(b) Support.—It shall be the policy of the Department of State, including through its embassies in the Northern Triangle countries, to prioritize supporting governments and citizens of such countries to help facilitate reunification of any families who were separated by United States authorities due to the criminal prosecution of parents for illegal entry into the United States.

(c) Report by Secretary of State.—Not later than 30 days after the date of the enactment of this Act, the Secretary of State shall report to the appropriate congressional committees on efforts to carry out the policies described in subsections (a) and (b).

(d) Report by GAO.—Not later than 180 days after the date of the enactment of this Act, the Comptroller General of the United States shall submit to the appropriate congressional committees a report on efforts to carry out the policies described in subsections (a) and (b).

SEC. 6. Reporting on gender-based violence in the Northern Triangle.

(a) In general.—Not later than 90 days after the date of the enactment of this Act and annually thereafter for the following five years, the Secretary of State shall submit to the appropriate congressional committees a report on gender-based violence in the Northern Triangle.

(b) Elements.—Each report required under subsection (a) shall include the following elements:

(1) Data disaggregated by age on the overall rates of gender-based violence in the Northern Triangle countries, including by using victimization surveys, regardless of whether or not these acts of violence are reported to government authorities.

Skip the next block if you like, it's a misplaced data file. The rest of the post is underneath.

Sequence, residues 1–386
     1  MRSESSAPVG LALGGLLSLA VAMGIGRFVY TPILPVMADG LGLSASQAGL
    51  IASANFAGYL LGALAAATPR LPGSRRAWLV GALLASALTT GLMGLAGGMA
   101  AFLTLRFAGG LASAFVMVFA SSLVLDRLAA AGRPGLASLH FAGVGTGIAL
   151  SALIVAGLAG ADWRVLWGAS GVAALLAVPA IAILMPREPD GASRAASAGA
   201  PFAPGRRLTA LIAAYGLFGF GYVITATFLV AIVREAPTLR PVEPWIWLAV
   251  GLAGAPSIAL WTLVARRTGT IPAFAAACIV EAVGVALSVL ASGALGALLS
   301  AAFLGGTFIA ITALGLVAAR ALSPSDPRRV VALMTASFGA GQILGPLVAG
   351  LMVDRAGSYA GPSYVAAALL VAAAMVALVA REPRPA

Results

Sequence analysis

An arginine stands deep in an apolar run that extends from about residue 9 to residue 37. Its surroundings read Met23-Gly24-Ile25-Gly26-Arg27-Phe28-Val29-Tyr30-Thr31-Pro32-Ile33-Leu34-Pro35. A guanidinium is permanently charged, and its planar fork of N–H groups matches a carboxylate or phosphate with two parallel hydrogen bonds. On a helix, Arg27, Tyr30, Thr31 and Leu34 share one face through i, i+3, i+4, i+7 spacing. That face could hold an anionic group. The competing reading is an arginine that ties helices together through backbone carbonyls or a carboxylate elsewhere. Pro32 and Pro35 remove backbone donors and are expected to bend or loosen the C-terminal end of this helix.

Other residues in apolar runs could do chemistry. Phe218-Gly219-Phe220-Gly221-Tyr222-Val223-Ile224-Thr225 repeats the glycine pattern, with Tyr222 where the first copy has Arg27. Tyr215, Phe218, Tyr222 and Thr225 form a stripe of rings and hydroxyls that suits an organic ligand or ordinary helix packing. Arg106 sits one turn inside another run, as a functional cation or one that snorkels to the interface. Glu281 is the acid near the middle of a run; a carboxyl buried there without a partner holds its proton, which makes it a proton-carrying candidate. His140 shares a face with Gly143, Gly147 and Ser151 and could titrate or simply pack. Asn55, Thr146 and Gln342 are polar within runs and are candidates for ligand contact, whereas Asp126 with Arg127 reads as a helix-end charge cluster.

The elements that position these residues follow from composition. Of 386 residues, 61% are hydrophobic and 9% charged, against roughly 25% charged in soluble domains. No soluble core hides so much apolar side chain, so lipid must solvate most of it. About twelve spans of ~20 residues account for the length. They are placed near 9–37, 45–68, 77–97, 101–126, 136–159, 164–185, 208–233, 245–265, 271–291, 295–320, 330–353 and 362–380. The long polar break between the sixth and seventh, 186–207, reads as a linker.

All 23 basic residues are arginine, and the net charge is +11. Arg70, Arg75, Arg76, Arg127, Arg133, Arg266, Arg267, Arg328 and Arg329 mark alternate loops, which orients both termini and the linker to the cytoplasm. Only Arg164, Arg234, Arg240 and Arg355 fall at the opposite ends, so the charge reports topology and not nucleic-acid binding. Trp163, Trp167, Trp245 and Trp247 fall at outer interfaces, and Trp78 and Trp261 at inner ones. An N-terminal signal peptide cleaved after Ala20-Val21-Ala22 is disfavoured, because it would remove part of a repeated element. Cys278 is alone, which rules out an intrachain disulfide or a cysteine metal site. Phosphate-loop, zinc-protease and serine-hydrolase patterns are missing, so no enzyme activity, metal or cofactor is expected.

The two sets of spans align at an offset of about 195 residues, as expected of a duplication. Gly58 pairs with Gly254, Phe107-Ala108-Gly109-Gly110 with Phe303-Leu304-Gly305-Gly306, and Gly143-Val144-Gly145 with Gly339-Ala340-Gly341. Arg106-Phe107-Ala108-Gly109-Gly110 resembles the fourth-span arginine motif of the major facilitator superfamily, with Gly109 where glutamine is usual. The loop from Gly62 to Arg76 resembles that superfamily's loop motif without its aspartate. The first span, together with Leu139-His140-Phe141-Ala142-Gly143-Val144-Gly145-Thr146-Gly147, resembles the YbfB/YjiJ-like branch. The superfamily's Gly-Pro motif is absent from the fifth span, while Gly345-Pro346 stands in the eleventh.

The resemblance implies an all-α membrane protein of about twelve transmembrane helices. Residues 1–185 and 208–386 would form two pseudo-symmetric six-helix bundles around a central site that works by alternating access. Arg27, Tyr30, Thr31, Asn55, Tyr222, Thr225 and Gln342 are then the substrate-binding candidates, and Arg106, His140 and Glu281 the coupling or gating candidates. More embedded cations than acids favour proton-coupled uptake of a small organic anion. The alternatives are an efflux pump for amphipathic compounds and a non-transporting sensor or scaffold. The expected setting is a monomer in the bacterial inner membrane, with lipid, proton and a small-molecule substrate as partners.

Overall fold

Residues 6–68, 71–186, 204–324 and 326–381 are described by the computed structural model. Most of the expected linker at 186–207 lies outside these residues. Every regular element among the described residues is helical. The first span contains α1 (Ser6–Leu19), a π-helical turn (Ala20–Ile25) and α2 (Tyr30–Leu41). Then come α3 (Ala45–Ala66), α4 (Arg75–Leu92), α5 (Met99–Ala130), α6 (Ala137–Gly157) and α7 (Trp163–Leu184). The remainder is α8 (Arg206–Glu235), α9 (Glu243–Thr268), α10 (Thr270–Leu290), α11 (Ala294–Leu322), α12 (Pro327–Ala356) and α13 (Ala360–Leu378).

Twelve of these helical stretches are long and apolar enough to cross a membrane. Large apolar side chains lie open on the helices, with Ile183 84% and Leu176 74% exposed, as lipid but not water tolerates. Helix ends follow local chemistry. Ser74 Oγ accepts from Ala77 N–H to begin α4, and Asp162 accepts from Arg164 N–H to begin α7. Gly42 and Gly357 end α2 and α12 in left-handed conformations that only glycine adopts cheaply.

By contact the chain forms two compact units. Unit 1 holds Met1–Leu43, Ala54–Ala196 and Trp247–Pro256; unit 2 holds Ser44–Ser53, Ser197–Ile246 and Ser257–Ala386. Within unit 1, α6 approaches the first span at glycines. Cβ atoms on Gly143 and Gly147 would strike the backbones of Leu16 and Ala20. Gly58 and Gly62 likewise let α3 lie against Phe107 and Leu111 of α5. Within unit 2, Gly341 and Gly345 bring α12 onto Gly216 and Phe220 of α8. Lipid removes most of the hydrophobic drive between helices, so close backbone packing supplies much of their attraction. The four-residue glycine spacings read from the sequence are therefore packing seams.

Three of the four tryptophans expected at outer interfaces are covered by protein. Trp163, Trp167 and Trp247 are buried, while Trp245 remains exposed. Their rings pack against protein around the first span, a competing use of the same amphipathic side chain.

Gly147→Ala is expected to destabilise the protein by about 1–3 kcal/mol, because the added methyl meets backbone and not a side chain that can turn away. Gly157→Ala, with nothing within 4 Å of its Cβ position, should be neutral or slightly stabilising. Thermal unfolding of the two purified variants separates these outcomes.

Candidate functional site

(2) Data on incidences of gender-based violence cases reported to the authorities in the Northern Triangle countries and the percentage of perpetrators investigated, apprehended, prosecuted, and convicted.

(3) Descriptions of the obstacles (including capacity gaps within the criminal justice system) to resolving gender-based violence cases and deterring violence against women and children in the Northern Triangle countries.

(4) Descriptions of gender-based violence trends in each of the Northern Triangle countries.

(5) Information regarding the incidence of violence, including domestic abuse, against indigenous women.

(6) A breakout of data on and descriptions of domestic violence in each of the aforementioned categories.